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Polish slang phrases - most popular.


Polonius3 1,007 | 12,507    
5 Aug 2013  #511
is quite a fail

Sorry. I beat my breast. Siema and siemanko are slang for 'haya doin'?' It's not something you'd say to your uni professor, priest (over 50) or elderly aunt.
cinek 2 | 334    
6 Aug 2013  #512
They like to say 'siemanko' instead of 'good morning' at register time. I understand that this is slang for 'hello', but is it disrespectful?

When said to a teacher, especially in Poland, then I'd say yes. But again, I may be outdated... ;-)

Cinek
Polonius3 1,007 | 12,507    
6 Aug 2013  #513
Anyone on PF use siema, siemanko, nara, pozdro, heja, spoko and the like on a regular basis (not as a joke)?
How about pochwa?
Seems a young priest teaching catechism in school heard kids saying siema, nara and spoko and wanted to sound cool and trendy himself. So when he entered the classroom he would greet the kids with a rousing POCHWA! (short for Niech będzie Pochwalony Jezus Chrystus).
Magdalena 3 | 1,837    
6 Aug 2013  #514
Seems a young priest teaching catechism in school heard kids saying siema, nara and spoko and wanted to sound cool and trendy himself. So when he entered the classroom he would greet the kids with a rousing POCHWA! (short for Niech będzie Pochwalony Jezus Chrystus).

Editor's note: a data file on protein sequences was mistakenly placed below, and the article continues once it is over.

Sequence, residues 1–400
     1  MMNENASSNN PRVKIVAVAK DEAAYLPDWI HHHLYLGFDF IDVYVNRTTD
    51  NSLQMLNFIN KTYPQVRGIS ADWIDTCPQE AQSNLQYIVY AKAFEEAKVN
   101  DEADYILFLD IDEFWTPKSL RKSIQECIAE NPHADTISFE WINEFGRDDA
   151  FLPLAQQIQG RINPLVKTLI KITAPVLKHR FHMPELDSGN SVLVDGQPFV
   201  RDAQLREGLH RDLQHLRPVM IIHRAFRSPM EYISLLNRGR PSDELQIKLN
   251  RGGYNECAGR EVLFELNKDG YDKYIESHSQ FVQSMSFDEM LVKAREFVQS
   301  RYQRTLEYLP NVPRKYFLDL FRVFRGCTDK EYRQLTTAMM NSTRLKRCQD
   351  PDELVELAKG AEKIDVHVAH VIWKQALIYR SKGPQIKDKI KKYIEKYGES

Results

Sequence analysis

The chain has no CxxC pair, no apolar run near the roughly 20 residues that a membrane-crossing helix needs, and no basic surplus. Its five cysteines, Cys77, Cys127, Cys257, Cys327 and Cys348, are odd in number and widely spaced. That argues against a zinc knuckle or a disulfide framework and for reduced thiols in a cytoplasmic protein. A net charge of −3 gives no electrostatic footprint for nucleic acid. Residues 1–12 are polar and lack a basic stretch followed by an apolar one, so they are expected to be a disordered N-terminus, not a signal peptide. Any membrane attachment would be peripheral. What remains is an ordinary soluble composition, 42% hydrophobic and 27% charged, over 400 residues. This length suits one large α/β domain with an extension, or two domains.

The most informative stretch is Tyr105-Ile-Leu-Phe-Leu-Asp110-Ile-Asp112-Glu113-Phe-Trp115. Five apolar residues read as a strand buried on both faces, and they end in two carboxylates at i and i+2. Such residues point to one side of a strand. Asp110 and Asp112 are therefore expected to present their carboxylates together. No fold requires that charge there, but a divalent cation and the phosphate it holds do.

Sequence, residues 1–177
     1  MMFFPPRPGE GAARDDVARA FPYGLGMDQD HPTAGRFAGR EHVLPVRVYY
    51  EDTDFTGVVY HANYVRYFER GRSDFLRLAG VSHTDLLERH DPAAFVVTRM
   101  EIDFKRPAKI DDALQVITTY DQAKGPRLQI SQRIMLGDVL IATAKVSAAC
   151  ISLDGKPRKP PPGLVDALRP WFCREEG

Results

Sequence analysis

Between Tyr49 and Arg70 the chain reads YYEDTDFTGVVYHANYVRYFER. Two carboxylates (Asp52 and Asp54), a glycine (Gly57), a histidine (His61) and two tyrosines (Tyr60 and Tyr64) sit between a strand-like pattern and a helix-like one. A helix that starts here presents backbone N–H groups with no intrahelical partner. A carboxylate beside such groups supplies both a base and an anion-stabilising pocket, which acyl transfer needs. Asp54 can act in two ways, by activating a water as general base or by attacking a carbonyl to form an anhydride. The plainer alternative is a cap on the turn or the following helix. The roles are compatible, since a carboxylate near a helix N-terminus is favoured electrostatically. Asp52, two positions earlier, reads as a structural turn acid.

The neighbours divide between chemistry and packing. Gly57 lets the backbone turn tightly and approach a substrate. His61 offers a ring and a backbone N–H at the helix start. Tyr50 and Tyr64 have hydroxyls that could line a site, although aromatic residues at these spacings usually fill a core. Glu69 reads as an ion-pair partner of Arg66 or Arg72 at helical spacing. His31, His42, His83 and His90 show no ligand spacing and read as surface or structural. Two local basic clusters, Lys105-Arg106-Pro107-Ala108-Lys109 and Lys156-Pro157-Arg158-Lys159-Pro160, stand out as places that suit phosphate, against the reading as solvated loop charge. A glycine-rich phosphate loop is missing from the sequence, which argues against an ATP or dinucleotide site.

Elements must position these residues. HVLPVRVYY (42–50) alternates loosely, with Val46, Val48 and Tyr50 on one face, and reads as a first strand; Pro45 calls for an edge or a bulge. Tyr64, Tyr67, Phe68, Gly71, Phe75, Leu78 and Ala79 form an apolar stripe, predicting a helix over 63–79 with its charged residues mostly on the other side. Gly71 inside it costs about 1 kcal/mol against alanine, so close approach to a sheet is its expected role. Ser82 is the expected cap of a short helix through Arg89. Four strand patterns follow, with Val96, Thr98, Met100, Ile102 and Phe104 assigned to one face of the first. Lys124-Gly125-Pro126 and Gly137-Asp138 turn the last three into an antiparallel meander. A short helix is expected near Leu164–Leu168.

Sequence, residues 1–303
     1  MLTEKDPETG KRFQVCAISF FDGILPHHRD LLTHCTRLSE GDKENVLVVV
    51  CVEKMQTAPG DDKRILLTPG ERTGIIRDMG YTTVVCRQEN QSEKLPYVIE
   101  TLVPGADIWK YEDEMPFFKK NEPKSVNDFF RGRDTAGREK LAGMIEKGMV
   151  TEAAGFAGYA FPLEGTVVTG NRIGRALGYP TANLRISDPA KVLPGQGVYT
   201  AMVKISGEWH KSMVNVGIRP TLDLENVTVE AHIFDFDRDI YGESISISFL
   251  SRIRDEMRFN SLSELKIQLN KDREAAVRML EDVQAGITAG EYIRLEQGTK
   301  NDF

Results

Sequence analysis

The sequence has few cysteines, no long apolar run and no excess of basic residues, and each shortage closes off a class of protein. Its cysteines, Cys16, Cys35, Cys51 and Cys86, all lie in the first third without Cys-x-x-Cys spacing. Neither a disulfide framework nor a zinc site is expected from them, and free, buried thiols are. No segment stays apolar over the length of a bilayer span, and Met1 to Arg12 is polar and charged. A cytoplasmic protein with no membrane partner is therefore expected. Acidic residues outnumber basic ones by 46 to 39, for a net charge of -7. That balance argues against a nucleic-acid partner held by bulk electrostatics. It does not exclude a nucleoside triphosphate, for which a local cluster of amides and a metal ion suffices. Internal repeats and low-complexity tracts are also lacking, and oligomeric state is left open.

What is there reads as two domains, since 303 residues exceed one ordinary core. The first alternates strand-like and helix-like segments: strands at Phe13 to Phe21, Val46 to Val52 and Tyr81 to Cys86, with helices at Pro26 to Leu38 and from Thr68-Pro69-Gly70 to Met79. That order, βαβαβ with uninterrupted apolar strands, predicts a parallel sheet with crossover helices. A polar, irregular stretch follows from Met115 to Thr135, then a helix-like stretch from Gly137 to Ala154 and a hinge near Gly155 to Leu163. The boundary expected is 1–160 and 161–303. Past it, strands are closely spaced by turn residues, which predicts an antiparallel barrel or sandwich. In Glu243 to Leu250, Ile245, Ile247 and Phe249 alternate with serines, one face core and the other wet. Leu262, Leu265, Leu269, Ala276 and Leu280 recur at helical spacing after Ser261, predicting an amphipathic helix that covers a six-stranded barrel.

OMG. You really believe that's a true story? It's a joke that's about 15 years old. Yeah, kids have been using siema, nara, spoko and the like for at least that long. I use spoko quite a lot when I'm in an informal setting. Actually, I use quite a number of slang expressions. It's probably because I'm not a wholesome innocent lass ;-)

"Mrs B.

They like to say 'siemanko' instead of 'good morning' at register time. I understand that this is slang for 'hello', but is it disrespectful? I like them to speak 'Polish', but don't want them to think I am an idiot!"

I would say they are trying to be "funny". Tell them firmly that you know what it means and to cut it out. It's waaay too informal and relaxed for a class setting.
Polonius3 1,007 | 12,507    
6 Aug 2013  #515
I'm not a wholesome innocent lass

To each her own!
Magdalena 3 | 1,837    
6 Aug 2013  #516
I don't know what you mean by that. I will never see my 10th birthday again, so "fresh", "innocent" and "wholesome" are not adjectives you could describe me with. On the other hand, if you described me as mature, intelligent, funny, sexy, wise, and creative, you would not be far off the mark ;-)
Polonius3 1,007 | 12,507    
7 Aug 2013  #517
10th birthday... "fresh", "innocent" and "wholesome

So that description fit you only up till your 10th birthday? Ciekawe!
Magdalena 3 | 1,837    
7 Aug 2013  #518
I never said "only until"; and you should read up on "hyperbole". Also, you are decidedly giving this convo a sick and pervy vibe. Over and out.
Polonius3 1,007 | 12,507    
7 Aug 2013  #519
fura, skóra i komóra

I thought skóra referred to a leather jacket???
bunkbell    
26 Oct 2013  #520